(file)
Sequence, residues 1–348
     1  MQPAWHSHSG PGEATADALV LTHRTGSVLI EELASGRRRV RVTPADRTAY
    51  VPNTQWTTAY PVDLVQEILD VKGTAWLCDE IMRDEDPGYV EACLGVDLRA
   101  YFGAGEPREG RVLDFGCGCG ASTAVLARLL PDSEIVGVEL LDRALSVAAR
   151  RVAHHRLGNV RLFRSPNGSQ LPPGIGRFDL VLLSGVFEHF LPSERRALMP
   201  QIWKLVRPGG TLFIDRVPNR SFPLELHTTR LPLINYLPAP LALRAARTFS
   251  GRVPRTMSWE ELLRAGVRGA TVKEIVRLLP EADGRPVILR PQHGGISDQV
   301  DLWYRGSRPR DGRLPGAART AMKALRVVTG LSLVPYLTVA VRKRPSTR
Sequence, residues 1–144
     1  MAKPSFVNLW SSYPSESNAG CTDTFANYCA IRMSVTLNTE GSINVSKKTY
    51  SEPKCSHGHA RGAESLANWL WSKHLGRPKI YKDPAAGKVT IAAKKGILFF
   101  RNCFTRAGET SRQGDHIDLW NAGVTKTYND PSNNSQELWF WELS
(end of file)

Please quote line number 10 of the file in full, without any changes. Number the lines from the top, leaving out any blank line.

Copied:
     1  MAKPSFVNLW SSYPSESNAG CTDTFANYCA IRMSVTLNTE GSINVSKKTY